Basically, performances of most team members were up to the par of complimentary and satisfactory. All should be given a big hand on the success of organizing the event in the short time period and with the limited budgets. Finally it could be said that there were a lot of lesson learned from the process all the members when through for the charity event and hope to perform and take corrective action to improve on the performance compared to this.
It’s believed that the next activity this team organizes will be even better, bigger and successful than before. Thanks for giving all the team members a chance to prove themselves.
Ainsworth, S. and Hardy, C. (2009), “Mind over body: physical and psychotherapeutic discourses and the regulation of the older worker”, Human Relations, pp. 1199-229.
Alvesson, M. and Ka¨rreman, D. (2000), “Varieties of discourse: on the study of organizations through discourse analysis”, Human Relations, pp. 1125-49.
Chan, F.T.S. and Qi, H.J. (2003), “Innovative performance measurement method for supply chain management”, An International Journal of Supply Chain Management, pp. 209-23.
Chen, I.J. and Paulraj, A. (2004), “Towards a theory of supply chain management: the constructs and measurements”, Journal of Operations Management, pp. 119-50.
Crumpacker, M. and Crumpacker, J.M. (2007), “Succession planning and generational stereotypes: should HR consider age-based values and attitudes a relevant factor or a passing fad?”, Public Personnel Management, pp. 349-69.
Groves, K.S. (2007), “Integrating leadership development and succession planning best practices”, Journal of Management Development, pp. 239-60.
Helms, M.M. and Ettkin, L.P. (2000), “Supply chain forecasting: collaborative forecasting supports supply chain management”, Business Process Management Journal, pp. 392-407.
Lambert, D. M. and Cooper, M.C. (2000), ‘Issues in Supply Chain Management’. Industrial Marketing Management, pp. 65-83.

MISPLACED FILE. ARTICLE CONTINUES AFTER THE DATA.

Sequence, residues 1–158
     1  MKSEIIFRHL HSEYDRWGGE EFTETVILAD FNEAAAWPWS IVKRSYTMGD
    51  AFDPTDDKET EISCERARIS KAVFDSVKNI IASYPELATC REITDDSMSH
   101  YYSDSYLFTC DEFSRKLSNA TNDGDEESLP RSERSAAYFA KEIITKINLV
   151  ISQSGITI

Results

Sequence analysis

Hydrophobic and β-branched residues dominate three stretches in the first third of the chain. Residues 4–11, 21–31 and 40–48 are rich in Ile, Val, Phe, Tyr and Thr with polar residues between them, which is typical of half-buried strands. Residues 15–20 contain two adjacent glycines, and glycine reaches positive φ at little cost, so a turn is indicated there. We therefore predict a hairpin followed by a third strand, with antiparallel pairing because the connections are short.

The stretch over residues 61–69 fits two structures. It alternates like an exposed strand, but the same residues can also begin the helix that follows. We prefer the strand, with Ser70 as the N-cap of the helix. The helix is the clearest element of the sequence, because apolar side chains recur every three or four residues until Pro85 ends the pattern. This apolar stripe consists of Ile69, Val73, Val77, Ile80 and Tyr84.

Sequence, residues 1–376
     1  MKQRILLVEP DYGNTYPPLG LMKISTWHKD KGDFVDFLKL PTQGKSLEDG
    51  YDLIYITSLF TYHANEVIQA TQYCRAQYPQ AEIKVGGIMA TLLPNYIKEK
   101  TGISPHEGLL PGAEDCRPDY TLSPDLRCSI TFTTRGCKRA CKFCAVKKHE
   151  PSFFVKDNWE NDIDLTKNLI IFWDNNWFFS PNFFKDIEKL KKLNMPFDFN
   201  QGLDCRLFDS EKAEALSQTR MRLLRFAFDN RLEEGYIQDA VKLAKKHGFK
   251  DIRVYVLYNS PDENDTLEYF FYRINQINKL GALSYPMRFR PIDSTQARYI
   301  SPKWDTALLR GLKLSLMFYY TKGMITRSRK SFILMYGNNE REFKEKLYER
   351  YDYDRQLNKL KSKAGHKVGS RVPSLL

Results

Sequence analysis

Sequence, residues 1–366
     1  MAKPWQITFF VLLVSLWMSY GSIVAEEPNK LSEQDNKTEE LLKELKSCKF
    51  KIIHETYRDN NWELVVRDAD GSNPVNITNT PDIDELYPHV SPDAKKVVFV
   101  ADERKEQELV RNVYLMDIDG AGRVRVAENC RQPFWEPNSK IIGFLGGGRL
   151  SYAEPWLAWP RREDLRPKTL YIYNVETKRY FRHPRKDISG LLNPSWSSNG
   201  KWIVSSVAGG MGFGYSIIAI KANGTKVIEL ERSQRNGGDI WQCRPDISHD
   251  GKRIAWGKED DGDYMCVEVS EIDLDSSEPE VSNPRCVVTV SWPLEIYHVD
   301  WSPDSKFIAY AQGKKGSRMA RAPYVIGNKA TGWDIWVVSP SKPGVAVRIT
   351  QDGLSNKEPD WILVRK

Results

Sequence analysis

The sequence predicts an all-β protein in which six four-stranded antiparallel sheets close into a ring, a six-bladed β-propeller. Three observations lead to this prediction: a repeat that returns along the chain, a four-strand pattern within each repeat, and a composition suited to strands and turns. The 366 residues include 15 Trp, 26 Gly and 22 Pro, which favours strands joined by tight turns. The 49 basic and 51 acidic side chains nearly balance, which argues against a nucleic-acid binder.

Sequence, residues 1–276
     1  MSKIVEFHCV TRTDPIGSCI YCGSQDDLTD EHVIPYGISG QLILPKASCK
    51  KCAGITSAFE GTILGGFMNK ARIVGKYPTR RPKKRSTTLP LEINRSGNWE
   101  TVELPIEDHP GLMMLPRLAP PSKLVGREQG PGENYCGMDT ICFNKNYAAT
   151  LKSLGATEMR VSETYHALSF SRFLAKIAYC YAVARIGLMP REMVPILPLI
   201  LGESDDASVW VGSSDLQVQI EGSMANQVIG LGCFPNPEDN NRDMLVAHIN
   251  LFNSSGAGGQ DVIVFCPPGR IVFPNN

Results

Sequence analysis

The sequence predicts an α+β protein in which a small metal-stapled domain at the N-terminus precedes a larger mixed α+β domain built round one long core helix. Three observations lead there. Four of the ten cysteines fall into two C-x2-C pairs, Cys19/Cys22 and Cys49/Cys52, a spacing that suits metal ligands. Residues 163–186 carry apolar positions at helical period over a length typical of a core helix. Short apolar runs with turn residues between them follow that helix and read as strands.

Sherman, H., Rowley, D.J. and Armandi, B.R. (2006), Strategic Management: An Organization Change Approach, University Press of America, New York, NY.
Sample assignment: Financial Modeling, Budgeting, Cash Budget, Master Budget, Risk and Return, Decision Tree, Investment Appraisal, NPV and ROCE
Table of Content Page
5.0 Recommendation 11
Adidas’s objective is to continue inspiring the world with its latest sports fashion and the wonders its products can do to boost performance for athletes (Heisner, 2012). It is assumed that Adidas would take into consideration of financial modelling include budgeting, risk and return and investment appraisal to measure and analyse the coming projects.
Despite having a strong brand name in international market, it is assumed that Adidas is coming up with latest development of making thermo temperature apparels specially designed to those athletes who are often experience different changes in weather. This design on its apparel ranging from shoes to shirts and pants are planned to raise the profits of the company and to keep driving its message that’s they are unique within this markets
It is assumed Adidas discovered that now with global warming, it is important to create an apparel that is thermo resistant. Thermo temperature doesn’t mean necessarily to increase the heat but the concept behind it is beyond measure, these apparel will be designed to be worn in any weather, the technology behind is through micro capsules derived by NASA, these capsules are able to release heat through changes in body or the environment and its able to retain the heat, they will have silver lining in them that obstructs harmful positive energy
Adidas is planning on investing on creating new product, for either thermo resistant sports shoe, thermo resistant sport shirt and thermo resistant sports cap. All these are meant to create competitive advantage and other market out there is adopting such a case but in here this is where investment will play a big role for Li Ning as it will lay out the strategic approach to the new model of development in a sense that as it will allow decision making based on its current cash flow/ outflow because its quit an enormous approach.
It is important for Adidas to draw out a sub budget and market budget of the to have a better finance management. It is extracted from Adidas that the Balance Sheet at 31 December 2011 was as follows:
|Fixture and Fittings||13000||6000||7000|
|Cash at bank||15000|
|Share capital and reserves|
|Ordinary shares of € 1||40000|
|Profit and loss account||23000|
Additional details extracted from financial records of Adidas comprise:-
January 24000 44000
February 24000 44000
March 24000 44000
April 32000 52000
May 32000 52000
June 32000 52000
July 28000 56000
August 28000 56000
September 28000 56000
October 32000 48000
November 32000 48000
December 32000 48000
2.1 Cash Budget
It is through many years of experiences that Adidas Cash managed to reach sustainability and made sure all budgets are recorded and allocated to the correct month(Shim, Siegel, and Shim, 2011). Monthly sales and expenses budgets are properly calculated without failing to take into accounts of discounts given to referrers who brought more students into the centre. This increases the accountability and reliability of cash budget which potential investors can peruse it as shown below :-